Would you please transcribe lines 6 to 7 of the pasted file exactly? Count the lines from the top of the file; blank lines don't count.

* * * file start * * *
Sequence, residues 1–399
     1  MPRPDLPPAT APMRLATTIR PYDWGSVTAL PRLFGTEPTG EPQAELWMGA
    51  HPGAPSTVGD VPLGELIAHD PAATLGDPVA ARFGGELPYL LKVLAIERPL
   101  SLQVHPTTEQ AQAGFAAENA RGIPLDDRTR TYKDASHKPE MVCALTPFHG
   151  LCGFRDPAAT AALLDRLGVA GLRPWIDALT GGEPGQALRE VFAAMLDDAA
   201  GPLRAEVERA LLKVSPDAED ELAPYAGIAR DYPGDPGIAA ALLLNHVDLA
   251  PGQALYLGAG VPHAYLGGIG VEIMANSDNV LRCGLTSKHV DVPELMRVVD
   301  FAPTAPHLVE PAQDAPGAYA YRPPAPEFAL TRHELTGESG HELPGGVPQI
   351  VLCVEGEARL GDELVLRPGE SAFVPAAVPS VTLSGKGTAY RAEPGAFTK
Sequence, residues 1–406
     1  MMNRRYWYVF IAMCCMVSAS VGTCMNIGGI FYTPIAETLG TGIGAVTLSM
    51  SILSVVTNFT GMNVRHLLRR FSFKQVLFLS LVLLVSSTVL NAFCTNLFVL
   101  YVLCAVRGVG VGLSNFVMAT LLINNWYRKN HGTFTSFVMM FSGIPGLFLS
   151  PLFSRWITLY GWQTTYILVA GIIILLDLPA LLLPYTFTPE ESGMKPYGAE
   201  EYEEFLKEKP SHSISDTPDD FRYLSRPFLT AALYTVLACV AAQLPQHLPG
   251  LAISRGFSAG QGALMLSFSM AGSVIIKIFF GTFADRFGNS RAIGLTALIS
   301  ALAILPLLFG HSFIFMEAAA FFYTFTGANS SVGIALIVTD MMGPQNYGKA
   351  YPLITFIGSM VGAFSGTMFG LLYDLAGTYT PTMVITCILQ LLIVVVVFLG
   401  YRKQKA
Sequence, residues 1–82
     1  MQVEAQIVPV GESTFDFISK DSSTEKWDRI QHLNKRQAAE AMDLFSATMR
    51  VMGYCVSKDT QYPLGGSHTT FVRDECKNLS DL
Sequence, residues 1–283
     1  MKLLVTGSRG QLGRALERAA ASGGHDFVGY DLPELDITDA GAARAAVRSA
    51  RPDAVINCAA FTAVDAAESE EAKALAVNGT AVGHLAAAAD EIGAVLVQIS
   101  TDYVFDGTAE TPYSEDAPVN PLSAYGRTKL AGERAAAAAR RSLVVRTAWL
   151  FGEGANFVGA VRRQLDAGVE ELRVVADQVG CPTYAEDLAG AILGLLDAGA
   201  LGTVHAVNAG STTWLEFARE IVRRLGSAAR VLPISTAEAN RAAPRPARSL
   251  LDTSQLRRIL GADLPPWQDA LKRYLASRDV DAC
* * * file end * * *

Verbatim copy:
   201  GPLRAEVERA LLKVSPDAED ELAPYAGIAR DYPGDPGIAA ALLLNHVDLA
   251  PGQALYLGAG VPHAYLGGIG VEIMANSDNV LRCGLTSKHV DVPELMRVVD